1 Samuel 31:4
Then Saul said to his armor-bearer, "Draw your sword and run it through me, or these uncircumcised men will come and run me through and torture me!" But the armor-bearer refused, because he was terrified. So Saul took his own sword and fell on it.
Sermons
Lessons from a SuicideJ. A. Miller.1 Samuel 31:4
SuicideSidney Smith, M. A.1 Samuel 31:4
The Death of SaulArmstrong Black.1 Samuel 31:4
The Death of SaulB. Dale 1 Samuel 31:1-6
Saul of Gibeah, and Saul of TarsusB. Dale 1 Samuel 31:1-13
The Bitter EndD. Fraser 1 Samuel 31:3-6
The tragic element, so conspicuous in this history, is intense in the last scene of all.

I. SAUL'S DEATH.

1. His despair. When the battle went against him, and the Philistines, keeping beyond reach of his long arm and terrible sword, hit him from a distance with their arrows, the king's spirit suddenly failed and died within him. "He trembled sore because of the archers." Always fitful in his moods, liable to sudden elation and sudden depression, he gave up all for lost. He would not flee, but he would fight no more. Probably the horrible recollection of the words spoken to him by the spectre at Endor increased his despair, and he thought only how to die.

2. His pride. Saul had never shown much regard for the sacredness of human life, but he cherished a most exalted sense of the sacredness of his own person as the Lord's anointed. No descendant of a long line of so styled Christian or Catholic sovereigns has held a loftier claim of personal inviolability. So he resolved that no heathen should cut him down in battle. Anything rather than this. If his armour bearer would not kill him, he would kill himself.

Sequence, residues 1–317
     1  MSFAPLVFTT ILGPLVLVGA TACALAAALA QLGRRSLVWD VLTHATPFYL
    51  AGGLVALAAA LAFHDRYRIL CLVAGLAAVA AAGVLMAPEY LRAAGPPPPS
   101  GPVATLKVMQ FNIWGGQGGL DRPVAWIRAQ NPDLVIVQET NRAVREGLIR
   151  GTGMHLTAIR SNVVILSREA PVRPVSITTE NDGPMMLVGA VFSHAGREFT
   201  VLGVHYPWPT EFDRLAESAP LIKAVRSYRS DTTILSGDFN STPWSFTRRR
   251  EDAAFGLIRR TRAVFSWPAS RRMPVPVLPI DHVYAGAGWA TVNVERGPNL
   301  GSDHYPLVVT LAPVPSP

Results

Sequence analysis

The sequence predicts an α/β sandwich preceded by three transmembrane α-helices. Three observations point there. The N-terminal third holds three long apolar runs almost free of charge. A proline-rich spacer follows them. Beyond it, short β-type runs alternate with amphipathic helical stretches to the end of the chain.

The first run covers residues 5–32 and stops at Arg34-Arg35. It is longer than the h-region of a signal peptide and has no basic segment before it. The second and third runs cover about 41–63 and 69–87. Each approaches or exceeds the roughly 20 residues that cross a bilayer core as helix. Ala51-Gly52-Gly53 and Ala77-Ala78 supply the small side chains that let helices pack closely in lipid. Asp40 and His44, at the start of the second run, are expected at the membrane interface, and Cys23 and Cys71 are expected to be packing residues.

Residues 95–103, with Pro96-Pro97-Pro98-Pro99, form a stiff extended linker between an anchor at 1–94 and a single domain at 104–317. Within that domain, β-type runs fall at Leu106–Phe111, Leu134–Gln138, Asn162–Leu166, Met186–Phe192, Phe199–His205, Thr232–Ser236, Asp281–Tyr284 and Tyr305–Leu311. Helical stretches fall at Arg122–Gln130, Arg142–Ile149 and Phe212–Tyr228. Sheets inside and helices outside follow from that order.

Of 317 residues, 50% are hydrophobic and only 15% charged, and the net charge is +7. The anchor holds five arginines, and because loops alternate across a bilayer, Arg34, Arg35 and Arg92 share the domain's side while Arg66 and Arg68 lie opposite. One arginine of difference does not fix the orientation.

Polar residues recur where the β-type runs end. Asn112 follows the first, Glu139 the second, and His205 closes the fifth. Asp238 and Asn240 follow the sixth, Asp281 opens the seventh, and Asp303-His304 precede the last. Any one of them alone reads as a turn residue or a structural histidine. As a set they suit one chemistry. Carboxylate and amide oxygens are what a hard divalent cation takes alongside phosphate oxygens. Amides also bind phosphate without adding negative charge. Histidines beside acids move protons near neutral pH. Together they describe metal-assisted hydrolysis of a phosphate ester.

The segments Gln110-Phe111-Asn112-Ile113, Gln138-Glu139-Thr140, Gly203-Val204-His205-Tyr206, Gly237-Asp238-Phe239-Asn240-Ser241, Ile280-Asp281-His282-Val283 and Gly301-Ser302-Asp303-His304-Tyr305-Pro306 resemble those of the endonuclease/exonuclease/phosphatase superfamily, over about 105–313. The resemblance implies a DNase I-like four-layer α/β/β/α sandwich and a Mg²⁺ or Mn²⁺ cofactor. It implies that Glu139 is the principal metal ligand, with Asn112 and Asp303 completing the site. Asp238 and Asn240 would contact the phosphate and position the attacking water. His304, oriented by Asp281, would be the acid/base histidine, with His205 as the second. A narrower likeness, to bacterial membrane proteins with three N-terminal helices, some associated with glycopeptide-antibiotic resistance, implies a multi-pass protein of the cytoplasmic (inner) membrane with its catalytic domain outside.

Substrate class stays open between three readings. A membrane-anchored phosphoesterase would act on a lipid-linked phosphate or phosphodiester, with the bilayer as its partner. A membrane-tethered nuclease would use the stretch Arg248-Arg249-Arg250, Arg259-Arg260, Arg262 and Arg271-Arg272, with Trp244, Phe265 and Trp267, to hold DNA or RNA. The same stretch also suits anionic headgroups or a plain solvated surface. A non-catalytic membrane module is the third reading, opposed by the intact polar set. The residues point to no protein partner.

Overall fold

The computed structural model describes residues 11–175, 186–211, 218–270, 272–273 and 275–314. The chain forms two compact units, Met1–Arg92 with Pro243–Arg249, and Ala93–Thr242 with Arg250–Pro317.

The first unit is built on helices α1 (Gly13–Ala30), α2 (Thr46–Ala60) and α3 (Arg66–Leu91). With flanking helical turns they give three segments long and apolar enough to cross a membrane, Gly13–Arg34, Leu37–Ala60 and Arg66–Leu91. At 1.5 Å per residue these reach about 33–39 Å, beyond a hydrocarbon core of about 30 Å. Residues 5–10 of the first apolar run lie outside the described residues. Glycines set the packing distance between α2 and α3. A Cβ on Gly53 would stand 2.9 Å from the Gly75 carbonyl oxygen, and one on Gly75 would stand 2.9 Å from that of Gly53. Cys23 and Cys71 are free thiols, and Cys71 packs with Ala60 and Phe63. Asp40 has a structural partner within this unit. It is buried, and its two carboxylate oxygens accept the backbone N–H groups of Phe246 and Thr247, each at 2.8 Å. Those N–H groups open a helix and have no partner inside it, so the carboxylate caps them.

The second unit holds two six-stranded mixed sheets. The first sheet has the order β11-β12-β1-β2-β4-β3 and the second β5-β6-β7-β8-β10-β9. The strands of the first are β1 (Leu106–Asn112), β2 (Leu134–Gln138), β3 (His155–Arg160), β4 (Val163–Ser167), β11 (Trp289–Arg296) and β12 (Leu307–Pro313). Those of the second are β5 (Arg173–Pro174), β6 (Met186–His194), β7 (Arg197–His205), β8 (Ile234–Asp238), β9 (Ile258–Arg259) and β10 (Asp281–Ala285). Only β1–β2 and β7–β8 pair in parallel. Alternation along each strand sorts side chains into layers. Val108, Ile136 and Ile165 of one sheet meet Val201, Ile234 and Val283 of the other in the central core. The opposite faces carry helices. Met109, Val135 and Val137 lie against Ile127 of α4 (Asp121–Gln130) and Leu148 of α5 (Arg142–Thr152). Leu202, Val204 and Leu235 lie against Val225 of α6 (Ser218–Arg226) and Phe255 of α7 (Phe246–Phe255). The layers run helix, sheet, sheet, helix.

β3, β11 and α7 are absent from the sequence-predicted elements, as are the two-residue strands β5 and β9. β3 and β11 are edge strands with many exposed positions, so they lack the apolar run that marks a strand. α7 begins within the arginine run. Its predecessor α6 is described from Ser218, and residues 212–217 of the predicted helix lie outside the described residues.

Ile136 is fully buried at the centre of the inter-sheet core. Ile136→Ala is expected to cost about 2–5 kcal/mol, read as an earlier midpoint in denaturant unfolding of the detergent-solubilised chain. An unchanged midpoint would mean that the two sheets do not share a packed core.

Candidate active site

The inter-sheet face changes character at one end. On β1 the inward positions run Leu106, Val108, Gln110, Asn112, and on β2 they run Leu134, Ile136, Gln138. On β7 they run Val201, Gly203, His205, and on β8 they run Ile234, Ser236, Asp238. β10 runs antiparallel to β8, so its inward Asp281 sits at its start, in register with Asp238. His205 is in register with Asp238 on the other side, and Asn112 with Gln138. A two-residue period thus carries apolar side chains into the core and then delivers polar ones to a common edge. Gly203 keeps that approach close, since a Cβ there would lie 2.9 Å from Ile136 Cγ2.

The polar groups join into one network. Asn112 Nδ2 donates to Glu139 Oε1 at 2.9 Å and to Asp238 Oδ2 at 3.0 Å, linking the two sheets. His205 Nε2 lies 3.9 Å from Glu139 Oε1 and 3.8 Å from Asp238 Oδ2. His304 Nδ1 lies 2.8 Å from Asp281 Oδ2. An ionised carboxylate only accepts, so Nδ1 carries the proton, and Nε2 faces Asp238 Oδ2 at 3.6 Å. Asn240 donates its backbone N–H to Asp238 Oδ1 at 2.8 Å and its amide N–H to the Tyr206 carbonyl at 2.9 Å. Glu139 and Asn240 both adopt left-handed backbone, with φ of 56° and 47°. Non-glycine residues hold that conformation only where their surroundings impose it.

3. His suicide. With all his horror of being slain by a heathen, Saul died like a heathen - dismissed himself from life after the manner of the pagan heroes; not with any sanction from the word of God or the history of his servants. (Illustrate from the stories of Brutus and Cassius and the younger Cato.) The only instance of what can be called self-destruction among the men of Israel prior to the days of Saul was that of Samson, and his was a self-devotion for the destruction of his country's enemies which ranks with the heroism of one dying in battle rather than with cases of despairing suicide. There is a case after the days of Saul, viz., that of Ahithophel, who, in a fit of deep chagrin, deliberately hanged himself. To the servants of God suicide must always appear as a form of murder, and one that implies more cowardice than courage. English law regards it as a very grave crime, and to mark this our old statutes, unable to punish the self-murderer, assigned to his body ignominious burial It is, however, the charitable custom of our times to assume that one who kills himself must be bereft of reason, and so to hold him morally irresponsible. Apology of this kind may be pleaded for King Saul, and pity for his disordered brain takes away the sharpness from our censure. Still we must not overlook -